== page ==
The four challenges described in the previous paragraph are often addressed in independent steps. Current solutions to the first challenge are generally based on compiling information about the system and using that information to create the stoichiometric matrix for the system one wants to analyze (see for instance [8]). To solve the second challenge we need to define kinetic functions that describe the dynamic behavior of the dependent variables of the system. If the kinetic functions are unknown, approximate formalisms that have a solid theoretical support can be used to describe the dynamic behavior of the system within a given accuracy [9, 10]. The third challenge is typically formulated as an optimization problem that minimizes the sum of squared residuals between the measured and simulated data (see a review of methods in [1]). The type of optimization problem being faced and the technical challenges to be solved depends upon the biological model of choice, upon the experimental data available, and upon the specific mathematical formalism used [11, 12]. In many practical applications, the target biological system is described through nonlinear ordinary differential equations (ODEs). Hence, the parameter estimation task gives rise to dynamic optimization problems that are hard to solve. The fourth challenge could in principle be addressed in the same way as the first. However, despite the enormous amount of biological information available in public databases, regulatory signals are, in general, poorly understood and hardly ever properly characterized in vivo. Regulatory signals appear in a model as parameters accounting for the influence that metabolites others than the substrates of a reaction have on its velocity. Hence, parameter fitting can also be used to address the fourth challenge. However, the overwhelming majority of parameter estimation methods assumes a given structure and considers a fix regulatory scheme (see a review in [1]). This simplification is motivated by the difficulty in identifying regulatory effects, a task for which a myriad of alternative kinetic models must be explored [7, 1315].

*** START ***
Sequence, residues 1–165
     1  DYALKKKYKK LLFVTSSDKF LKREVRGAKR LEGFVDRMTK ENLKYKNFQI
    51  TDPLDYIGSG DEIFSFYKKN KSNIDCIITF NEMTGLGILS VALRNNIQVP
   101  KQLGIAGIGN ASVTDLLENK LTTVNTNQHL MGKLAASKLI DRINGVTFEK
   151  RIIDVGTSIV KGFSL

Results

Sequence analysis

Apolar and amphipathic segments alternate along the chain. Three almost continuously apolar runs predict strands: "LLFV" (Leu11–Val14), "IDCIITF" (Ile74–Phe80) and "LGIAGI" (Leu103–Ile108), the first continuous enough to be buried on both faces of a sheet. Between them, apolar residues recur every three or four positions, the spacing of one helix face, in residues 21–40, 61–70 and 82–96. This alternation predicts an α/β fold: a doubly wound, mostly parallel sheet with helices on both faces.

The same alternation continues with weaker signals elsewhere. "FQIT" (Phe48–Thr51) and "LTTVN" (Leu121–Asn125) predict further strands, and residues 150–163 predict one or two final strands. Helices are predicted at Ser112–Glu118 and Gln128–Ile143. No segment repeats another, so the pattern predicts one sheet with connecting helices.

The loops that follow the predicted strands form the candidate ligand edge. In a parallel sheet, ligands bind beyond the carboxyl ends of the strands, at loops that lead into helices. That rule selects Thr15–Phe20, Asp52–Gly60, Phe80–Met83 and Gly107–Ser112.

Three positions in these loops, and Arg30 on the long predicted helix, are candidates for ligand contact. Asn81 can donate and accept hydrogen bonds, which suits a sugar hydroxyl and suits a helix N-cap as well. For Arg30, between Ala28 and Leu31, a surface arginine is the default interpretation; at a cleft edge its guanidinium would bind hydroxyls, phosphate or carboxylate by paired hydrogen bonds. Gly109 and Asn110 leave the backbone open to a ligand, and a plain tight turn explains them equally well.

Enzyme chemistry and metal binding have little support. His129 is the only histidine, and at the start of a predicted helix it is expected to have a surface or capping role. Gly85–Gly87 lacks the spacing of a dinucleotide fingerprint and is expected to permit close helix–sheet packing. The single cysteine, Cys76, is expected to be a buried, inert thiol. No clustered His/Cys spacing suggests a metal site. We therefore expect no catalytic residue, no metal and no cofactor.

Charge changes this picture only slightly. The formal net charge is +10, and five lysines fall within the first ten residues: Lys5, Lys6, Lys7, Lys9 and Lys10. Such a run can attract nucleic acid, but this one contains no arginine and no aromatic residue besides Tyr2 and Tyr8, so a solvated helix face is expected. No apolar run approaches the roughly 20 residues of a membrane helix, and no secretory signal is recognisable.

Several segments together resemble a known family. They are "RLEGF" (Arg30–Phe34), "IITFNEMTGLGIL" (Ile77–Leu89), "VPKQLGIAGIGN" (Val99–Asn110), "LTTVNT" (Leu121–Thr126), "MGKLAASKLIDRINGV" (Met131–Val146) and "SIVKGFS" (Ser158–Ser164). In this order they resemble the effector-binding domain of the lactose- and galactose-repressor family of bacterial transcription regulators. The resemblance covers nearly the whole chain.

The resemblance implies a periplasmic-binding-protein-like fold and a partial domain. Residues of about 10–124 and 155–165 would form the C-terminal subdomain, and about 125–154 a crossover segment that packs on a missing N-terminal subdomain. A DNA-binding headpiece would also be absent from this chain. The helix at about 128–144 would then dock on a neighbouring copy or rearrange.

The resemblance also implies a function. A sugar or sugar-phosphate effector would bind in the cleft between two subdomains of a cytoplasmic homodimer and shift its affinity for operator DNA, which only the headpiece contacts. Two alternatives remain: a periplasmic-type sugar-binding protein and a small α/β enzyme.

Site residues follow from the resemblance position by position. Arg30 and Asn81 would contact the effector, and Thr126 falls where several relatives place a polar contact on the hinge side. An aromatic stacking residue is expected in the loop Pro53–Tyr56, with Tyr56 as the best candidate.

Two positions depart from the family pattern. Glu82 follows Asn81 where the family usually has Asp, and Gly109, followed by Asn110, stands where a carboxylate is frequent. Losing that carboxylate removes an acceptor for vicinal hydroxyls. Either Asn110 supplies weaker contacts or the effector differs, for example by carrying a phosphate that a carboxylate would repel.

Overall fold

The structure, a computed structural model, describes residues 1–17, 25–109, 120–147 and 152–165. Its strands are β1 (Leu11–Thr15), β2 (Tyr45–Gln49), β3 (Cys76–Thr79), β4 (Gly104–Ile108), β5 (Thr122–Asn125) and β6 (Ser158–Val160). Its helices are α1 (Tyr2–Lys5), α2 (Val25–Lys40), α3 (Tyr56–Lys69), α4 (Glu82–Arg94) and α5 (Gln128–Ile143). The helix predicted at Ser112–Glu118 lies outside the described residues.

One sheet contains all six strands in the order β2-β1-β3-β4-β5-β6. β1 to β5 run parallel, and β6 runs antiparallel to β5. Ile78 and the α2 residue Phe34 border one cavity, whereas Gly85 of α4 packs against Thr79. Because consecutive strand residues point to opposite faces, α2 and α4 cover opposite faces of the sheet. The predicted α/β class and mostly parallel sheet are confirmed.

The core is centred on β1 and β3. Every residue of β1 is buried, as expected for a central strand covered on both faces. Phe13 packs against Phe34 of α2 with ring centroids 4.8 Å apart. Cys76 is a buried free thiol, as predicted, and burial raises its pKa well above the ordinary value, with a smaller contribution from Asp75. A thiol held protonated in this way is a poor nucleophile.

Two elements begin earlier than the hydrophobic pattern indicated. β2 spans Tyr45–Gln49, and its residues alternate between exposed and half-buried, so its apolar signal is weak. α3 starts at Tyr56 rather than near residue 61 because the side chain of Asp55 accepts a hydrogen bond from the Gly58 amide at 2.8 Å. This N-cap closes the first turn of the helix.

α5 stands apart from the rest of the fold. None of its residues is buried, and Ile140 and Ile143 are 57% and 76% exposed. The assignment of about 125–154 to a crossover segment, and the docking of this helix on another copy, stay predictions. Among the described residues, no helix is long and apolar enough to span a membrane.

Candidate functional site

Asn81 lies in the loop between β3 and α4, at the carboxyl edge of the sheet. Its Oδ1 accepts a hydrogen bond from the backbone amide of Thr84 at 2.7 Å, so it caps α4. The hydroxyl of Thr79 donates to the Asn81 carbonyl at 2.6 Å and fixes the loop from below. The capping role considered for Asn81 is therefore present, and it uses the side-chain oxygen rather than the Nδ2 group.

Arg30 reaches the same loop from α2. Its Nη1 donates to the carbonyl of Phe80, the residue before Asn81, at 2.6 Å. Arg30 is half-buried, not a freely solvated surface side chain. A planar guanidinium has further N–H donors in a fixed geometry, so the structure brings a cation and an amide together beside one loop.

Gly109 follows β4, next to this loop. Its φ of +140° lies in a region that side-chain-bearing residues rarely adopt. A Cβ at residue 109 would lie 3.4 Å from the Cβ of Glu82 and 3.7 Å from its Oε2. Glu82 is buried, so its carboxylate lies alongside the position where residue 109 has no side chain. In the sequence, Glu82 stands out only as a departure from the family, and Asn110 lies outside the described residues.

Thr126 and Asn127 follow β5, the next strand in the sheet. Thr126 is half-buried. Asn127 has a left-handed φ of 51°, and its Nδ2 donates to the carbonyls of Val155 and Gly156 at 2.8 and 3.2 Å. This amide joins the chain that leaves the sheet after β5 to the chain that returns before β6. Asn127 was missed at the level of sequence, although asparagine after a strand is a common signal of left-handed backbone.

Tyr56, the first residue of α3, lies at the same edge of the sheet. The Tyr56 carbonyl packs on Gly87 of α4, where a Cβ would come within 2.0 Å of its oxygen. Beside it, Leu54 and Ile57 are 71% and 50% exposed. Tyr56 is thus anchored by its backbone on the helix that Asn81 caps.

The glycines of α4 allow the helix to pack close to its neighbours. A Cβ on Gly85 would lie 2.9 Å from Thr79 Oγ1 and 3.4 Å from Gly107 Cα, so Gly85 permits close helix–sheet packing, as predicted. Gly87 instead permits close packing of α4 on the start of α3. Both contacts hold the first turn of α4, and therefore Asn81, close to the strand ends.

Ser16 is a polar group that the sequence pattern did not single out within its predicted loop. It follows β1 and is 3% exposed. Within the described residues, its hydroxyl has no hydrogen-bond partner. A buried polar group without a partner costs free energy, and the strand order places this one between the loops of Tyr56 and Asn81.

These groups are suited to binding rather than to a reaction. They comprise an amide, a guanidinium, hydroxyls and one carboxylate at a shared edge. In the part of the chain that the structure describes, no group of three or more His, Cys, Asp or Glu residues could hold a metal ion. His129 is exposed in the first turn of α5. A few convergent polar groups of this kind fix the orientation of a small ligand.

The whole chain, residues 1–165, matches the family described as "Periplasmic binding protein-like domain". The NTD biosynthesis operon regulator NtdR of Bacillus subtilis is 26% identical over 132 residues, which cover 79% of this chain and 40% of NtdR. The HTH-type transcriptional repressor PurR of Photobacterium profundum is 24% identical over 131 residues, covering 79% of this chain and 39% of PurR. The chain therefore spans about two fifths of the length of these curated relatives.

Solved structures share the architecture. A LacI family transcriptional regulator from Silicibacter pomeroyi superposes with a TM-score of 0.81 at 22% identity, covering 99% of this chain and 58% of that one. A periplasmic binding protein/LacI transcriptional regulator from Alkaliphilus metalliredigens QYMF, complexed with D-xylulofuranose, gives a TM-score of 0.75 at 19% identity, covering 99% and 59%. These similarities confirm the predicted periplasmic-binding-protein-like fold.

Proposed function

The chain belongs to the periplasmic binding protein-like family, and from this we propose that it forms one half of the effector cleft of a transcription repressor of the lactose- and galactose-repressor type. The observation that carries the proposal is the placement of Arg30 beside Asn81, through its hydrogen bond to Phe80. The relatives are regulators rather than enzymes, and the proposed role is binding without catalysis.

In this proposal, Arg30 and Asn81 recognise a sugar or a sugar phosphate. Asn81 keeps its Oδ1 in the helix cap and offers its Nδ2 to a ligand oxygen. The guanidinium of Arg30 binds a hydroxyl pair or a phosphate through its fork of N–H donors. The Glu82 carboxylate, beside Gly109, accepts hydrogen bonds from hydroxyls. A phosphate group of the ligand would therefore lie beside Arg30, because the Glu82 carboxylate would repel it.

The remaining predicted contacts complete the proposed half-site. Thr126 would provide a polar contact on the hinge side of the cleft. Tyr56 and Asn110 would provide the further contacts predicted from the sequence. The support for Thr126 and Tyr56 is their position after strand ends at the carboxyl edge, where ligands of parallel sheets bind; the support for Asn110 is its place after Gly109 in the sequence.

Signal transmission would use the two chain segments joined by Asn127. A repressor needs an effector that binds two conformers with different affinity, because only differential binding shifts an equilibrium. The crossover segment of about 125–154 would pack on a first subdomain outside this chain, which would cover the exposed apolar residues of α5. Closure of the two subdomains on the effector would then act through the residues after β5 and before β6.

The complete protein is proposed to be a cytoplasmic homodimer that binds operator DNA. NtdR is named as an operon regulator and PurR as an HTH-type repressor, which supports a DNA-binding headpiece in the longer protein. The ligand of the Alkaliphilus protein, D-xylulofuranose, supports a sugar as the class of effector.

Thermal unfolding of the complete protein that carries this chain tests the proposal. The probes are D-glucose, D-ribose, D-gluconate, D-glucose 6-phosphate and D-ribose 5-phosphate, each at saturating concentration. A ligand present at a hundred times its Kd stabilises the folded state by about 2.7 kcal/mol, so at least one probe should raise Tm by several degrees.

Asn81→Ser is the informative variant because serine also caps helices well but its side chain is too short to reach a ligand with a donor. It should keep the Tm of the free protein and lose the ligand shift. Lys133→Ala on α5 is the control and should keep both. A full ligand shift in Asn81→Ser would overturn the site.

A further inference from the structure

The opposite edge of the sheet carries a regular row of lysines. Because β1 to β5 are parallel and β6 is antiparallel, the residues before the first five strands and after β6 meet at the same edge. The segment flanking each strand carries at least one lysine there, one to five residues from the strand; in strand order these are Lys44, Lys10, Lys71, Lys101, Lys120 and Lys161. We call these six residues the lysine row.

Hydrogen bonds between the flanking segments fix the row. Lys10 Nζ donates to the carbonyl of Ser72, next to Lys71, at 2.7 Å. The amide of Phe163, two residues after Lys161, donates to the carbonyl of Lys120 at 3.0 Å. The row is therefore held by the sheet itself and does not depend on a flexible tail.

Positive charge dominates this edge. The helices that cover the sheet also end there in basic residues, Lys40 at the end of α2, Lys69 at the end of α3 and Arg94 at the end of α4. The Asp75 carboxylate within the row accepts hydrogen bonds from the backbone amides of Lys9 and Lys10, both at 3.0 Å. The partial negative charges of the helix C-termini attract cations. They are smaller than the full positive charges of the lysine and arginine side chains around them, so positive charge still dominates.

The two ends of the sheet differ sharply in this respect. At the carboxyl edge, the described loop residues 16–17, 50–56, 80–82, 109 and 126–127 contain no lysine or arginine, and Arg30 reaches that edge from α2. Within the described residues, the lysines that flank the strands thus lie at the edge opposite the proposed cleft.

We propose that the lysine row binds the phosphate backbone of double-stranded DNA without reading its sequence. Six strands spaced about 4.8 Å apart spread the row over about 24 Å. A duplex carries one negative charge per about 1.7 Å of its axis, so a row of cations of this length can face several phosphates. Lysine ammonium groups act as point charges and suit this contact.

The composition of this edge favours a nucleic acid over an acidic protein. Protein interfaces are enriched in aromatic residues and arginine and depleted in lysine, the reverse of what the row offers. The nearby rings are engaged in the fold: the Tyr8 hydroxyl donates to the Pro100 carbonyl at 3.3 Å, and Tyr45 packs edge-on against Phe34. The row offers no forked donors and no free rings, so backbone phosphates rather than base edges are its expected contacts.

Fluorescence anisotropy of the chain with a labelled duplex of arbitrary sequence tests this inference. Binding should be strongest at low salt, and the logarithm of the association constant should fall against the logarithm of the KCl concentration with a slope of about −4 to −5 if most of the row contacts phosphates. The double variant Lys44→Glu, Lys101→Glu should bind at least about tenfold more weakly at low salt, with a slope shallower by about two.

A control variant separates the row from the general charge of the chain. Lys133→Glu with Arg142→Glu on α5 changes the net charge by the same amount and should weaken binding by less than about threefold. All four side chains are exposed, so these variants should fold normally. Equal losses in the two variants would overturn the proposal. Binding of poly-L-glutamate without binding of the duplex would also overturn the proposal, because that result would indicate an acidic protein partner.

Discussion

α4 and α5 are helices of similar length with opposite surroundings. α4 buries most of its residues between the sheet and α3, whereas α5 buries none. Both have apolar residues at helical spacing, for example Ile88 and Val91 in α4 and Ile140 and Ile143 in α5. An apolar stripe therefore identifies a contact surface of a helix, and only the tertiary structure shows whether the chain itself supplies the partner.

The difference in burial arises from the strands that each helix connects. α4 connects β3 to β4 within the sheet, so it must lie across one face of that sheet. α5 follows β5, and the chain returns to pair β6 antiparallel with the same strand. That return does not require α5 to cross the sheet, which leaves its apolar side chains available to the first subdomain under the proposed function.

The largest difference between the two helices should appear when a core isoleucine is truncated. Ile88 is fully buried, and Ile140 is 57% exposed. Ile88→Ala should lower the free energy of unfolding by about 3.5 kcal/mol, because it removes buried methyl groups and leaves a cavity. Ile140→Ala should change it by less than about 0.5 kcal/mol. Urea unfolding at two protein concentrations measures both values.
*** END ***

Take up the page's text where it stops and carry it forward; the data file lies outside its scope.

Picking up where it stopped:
Traditional methods for the selection of biological systems have mostly applied regression or chi-squared-based criteria (rather than information-theoretic fit criteria) [16]. However, information-theoretic criteria such as the Akaike’s Information Criterion (AIC) [17] or the Bayesian Information Criterion (BIC) [18], are now perceived as important measures to assess quality of fit. AIC is often preferred over BIC becaue it has a more immediate connection to the theory of information [19]. AIC captures the trade-off between the complexity (measured by the number of parameters), and accuracy of the fitting. Smaller AIC values imply a better approximation to the model sought.